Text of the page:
Many believe that racism in Britain isn’t as pervasive like it is in the US as…


Were you already aware about it?

Garden of Earthly Delights (1490–1500), painting by Hieronymus Bosch. Image by Wikiimages from Pixabay

This is quite a sobering read, apologies in advance.

Throughout various points of our world history, doomsday proclamations have been made about the end of the world. We had the Mayans predicting that earth will cease to exist on December 21st 2012, Nostradamus prophesying that the end of the 20th century would be a period of chaos, trauma and transformation, and American psychic and astrologer Jeane Dixon (who predicted President John F. Kennedy’s death and President Richard Nixon was said to have followed her predictions), foretold that an apocalyptic ‘war of armageddon’ would happen in 2020. Mere coincidence? Or just…


It’s getting out of hand

Image by Hannes Edinger from Pixabay.

Like every other buyer, I read through product reviews before potentially making a purchase. It’s paramount to do so to avoid returning things that don’t meet expectations. However, I’ve been coming across a lot of one-star reviews from buyers not because the products had minor issues like a scratch etc but because they are fake. I don’t know when this shift started as I’ve only recently become fully aware of the dodgy things happening on the site.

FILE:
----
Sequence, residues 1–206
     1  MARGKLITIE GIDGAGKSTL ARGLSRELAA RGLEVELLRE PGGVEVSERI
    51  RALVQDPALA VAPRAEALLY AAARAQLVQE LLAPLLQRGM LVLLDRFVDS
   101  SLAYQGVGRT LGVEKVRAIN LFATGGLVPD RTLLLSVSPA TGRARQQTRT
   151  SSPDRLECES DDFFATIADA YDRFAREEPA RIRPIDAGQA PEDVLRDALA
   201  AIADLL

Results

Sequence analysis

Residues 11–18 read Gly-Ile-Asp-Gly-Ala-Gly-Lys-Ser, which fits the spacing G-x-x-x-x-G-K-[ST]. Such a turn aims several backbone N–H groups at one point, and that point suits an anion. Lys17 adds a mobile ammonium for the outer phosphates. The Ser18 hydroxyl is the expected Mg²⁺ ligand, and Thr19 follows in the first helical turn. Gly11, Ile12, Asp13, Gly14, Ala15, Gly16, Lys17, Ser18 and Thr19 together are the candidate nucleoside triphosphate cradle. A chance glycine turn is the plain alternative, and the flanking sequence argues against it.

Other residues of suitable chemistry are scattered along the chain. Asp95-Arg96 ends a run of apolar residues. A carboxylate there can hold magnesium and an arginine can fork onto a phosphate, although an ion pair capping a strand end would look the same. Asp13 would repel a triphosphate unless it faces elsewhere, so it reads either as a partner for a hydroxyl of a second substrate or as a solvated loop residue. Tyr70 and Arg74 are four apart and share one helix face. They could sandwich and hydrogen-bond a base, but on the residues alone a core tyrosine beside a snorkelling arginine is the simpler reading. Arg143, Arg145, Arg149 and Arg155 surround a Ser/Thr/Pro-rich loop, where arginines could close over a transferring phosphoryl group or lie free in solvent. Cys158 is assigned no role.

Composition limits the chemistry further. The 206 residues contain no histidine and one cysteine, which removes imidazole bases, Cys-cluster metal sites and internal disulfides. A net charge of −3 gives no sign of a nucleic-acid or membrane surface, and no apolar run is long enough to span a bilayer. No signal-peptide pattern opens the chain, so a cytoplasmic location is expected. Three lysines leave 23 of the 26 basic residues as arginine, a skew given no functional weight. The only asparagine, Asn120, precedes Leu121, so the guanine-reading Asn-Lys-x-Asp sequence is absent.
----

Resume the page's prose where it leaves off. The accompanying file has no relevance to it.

Over the years, Amazon made it more accessible for people to sell things on the site and be their own entrepreneurs. Although, the…


Once the biggest star of the Jazz age but when she stood up against racism and segregation, the establishment blacklisted her and her name vanished into obscurity.

Hazel Scott in 1956. Photograph by James Kriegsmann, New York / Public domain at Wikimedia Commons.

Part two from the series I started on my instagram page Art History Talks, to commemorate Black History Month.

This post is about the iconic Trinidadian-born jazz pianist, actor and singer Hazel Scott. Throughout her outstanding career as a performance artist, she was always a champion for civil rights, speaking out against racial discrimination, state violence and oppression, even at the cost of her own career.

Born in Port of Spain, Trinidad and Tobago on June 11th in 1920, to a West African father scholar from Liverpool and classically trained pianist and pianist mother, Hazel and her mother moved to Harlem, New York, in 1924. From a very young age, her mother (Alma Long Scott) saw that her daughter…